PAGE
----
Public colleges should become autonomous


Update: May, 06/2017 – 10:08

The Government wants public colleges to become autonomous in order to be competitive, but many of them are worried about such a move, especially the financial aspect.— Photo

HCM CITY — The Government wants public colleges to become autonomous in order to be competitive, but many of them are worried about such a move, especially the financial aspect.

They are worried autonomy would cause them to lose Government funding forcing them to hike fees.

At a workshop on autonomy and solutions for public colleges held yesterday by HCM City Technical and Economic College, Dr Phạm Xuân Thu, head of the business administration faculty at the College Of Foreign Economic Relations in the city’s Phú Nhuận District, said such a hike could lose them students.

Current enrolment policies make it easier than ever for students to get into universities, he said.

This is on top of an existing preference for universities over colleges, he said.

At least one million students pass out of high school every year, but this year the country’s 142 out of 234 colleges have only received 1,000 applications each on average. About 100 colleges each has received only between 38 and 42 applications, said Nguyễn Mạnh Hùng, director of the Nguyễn Tất Thành University.

Trần Nguyễn Minh Nhựt of the HCM City College of Economics’ quality assurance division said the number of students studying in colleges was not consistent.

Many of them stop studying in colleges and move instead to universities, he said.

With such a small student population, it is not an option for colleges to fund themselves from fees, he added.

Nguyễn Thị Hằng, rector of the HCM City Vocational College of Technology, said hers was one of three colleges to pilot an autonomy programme last year.

“We have autonomy in finances, training programmes, lecturer recruitment and others. We are allowed to hike tuition fees.”

After doubling the fees to VNĐ16 million (US$711) this year the college only managed to get half the number of students as last year, she said.

“However, I still advocate the government’s policies on autonomy for public colleges. This policy is right.”

Lưu Đức Tiến, rector of the Vạn Xuân Technology and Technical College in the city’s Gò Vấp, said public colleges should not be too worried because the Government has promised that with autonomy it would find a way to fund them.

Phạm Ngọc Thanh, deputy head of the city Department of Education and Training, said public colleges in the city should soon set up a road map to become autonomous.

The General Directorate of Vocational Training should set up training courses for managers and staff of public colleges for the purpose, he said. — VNS

This entry was posted in Cải cách giáo dục - Educational reform, Giáo dục - Education, Giáo dục cấp cao đẳng - two-year college, Giáo dục cấp cử nhân - Undergraduate university education, Giáo dục cấp thạc sĩ - Master program education, Giáo dục cấp tiến sĩ - Doctorate education, Giáo dục cấp trường nghề - Vocational school education and tagged , by Trần Đình Hoành. Bookmark the permalink.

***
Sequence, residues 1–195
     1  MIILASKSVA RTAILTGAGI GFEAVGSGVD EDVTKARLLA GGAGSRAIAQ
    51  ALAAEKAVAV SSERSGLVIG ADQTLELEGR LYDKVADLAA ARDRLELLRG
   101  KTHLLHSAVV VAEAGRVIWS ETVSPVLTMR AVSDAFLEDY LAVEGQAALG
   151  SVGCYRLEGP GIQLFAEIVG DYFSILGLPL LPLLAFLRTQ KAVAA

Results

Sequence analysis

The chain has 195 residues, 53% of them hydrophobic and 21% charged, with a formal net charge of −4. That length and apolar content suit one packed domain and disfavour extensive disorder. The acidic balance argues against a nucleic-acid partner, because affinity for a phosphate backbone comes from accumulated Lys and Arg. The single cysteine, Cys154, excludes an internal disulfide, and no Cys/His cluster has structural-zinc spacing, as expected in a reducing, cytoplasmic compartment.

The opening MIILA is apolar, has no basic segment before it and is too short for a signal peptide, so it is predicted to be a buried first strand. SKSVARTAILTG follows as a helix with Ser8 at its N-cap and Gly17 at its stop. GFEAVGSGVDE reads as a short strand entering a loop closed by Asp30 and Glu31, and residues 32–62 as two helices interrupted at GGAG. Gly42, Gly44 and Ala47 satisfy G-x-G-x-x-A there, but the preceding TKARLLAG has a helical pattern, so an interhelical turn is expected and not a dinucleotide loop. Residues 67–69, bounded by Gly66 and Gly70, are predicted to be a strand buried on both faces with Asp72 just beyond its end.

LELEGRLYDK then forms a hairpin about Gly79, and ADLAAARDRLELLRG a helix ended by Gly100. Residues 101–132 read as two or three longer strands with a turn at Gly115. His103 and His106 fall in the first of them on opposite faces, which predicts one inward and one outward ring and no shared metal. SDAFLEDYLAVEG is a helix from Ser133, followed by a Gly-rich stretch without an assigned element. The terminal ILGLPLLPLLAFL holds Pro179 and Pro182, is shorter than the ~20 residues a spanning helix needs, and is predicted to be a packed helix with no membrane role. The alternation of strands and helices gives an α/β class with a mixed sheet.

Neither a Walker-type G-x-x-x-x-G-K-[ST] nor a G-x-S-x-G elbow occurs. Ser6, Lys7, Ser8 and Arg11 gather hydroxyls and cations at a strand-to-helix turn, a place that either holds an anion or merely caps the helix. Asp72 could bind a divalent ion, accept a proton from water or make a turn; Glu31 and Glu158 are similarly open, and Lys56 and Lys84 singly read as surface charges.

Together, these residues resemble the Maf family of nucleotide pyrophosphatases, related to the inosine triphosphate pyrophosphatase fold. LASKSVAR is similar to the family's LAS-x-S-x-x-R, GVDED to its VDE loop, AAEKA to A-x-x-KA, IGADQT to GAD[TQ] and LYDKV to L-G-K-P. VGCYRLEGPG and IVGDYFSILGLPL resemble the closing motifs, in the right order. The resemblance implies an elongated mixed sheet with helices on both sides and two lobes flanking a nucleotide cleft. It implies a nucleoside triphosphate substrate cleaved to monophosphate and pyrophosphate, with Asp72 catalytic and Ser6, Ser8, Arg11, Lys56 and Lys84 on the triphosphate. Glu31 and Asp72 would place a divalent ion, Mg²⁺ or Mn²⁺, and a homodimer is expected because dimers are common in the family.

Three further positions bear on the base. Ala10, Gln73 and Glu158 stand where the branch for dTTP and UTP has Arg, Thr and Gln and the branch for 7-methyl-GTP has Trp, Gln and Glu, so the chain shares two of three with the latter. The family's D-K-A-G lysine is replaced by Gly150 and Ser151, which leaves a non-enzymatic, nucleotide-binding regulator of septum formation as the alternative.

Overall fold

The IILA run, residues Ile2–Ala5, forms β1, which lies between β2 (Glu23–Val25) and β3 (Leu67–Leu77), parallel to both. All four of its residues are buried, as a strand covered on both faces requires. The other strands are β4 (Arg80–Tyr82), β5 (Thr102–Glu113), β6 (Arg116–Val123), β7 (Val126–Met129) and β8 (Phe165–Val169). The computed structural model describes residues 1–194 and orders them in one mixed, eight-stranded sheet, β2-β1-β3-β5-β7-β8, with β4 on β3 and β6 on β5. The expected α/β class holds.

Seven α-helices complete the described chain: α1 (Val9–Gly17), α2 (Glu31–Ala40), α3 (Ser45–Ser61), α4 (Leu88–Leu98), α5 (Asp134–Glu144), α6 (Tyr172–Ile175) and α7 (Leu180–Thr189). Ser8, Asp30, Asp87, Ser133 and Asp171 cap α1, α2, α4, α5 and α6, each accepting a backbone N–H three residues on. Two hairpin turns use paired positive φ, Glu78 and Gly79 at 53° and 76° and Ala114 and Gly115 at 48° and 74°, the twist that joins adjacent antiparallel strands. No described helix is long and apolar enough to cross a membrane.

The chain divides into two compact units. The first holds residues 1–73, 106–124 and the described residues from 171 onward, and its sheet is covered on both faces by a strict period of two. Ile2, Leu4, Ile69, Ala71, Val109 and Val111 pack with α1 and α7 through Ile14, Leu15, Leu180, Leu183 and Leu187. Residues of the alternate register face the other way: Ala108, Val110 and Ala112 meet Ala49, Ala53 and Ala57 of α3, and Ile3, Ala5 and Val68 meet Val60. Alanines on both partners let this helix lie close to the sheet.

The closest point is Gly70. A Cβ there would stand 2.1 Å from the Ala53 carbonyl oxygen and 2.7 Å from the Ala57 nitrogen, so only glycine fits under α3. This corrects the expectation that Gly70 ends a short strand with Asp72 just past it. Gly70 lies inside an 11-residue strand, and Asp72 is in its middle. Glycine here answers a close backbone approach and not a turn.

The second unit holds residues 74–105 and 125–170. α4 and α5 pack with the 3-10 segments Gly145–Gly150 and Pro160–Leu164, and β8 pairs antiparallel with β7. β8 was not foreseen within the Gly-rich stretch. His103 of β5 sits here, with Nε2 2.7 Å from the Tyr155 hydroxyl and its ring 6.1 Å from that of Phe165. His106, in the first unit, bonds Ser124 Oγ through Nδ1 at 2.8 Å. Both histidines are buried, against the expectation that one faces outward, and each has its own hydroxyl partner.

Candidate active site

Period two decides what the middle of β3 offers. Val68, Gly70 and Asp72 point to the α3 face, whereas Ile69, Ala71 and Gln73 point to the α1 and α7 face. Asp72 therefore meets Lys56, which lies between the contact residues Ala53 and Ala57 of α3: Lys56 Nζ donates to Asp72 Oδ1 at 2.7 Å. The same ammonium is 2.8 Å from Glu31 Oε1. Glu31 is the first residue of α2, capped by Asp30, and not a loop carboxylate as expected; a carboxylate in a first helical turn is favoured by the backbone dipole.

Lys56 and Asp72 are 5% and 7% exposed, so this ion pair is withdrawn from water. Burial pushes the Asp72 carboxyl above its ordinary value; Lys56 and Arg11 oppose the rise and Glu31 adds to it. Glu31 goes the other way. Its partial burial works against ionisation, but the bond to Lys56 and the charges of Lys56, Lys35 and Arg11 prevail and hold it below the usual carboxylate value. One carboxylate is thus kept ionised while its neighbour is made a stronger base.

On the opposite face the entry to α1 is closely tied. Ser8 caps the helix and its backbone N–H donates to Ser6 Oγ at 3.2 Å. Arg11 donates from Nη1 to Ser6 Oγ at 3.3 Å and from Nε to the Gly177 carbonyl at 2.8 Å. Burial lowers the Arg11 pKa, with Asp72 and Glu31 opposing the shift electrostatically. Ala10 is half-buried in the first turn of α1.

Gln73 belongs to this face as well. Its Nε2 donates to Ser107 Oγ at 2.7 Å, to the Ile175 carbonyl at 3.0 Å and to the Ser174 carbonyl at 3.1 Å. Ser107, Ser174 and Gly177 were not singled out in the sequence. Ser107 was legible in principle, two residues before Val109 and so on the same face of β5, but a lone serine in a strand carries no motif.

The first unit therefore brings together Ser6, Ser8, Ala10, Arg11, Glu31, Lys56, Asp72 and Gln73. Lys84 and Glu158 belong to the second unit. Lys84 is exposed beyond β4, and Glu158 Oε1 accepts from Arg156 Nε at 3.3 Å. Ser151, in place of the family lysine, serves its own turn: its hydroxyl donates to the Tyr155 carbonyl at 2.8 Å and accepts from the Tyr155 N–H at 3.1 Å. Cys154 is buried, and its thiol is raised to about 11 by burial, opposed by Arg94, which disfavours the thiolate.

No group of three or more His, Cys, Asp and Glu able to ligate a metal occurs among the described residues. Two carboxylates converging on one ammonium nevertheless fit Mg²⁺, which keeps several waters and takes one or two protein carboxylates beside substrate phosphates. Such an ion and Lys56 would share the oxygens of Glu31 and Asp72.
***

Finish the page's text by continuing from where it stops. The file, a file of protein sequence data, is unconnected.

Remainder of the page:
About Trần Đình Hoành

I am an attorney in the Washington DC area, with a Doctor of Law in the US, attended the master program at the National School of Administration of Việt Nam, and graduated from Sài Gòn University Law School. I aso studied philosophy at the School of Letters in Sài Gòn. I have worked as an anti-trust attorney for Federal Trade Commission and a litigator for a fortune-100 telecom company in Washington DC. I have taught law courses for legal professionals in Việt Nam and still counsel VN government agencies on legal matters. I have founded and managed businesses for me and my family, both law and non-law. I have published many articles on national newspapers and radio stations in Việt Nam. In 1989 I was one of the founding members of US-VN Trade Council, working to re-establish US-VN relationship. Since the early 90's, I have established and managed VNFORUM and VNBIZ forum on VN-related matters; these forums are the subject of a PhD thesis by Dr. Caroline Valverde at UC-Berkeley and her book Transnationalizing Viet Nam. I translate poetry and my translation of "A Request at Đồng Lộc Cemetery" is now engraved on a stone memorial at Đồng Lộc National Shrine in VN. I study and teach the Bible and Buddhism. In 2009 I founded and still manage on positive thinking and two other blogs on Buddhism. In 2015 a group of friends and I founded website CVD - Conversations on Vietnam Development ( I study the art of leadership with many friends who are religious, business and government leaders from many countries. In October 2011 Phu Nu Publishing House in Hanoi published my book "Positive Thinking to Change Your Life", in Vietnamese (TƯ DUY TÍCH CỰC Thay Đổi Cuộc Sống). In December 2013 Phu Nu Publishing House published my book "10 Core Values for Success". I practice Jiu Jitsu and Tai Chi for health, and play guitar as a hobby, usually accompanying my wife Trần Lê Túy Phượng, aka singer Linh Phượng.

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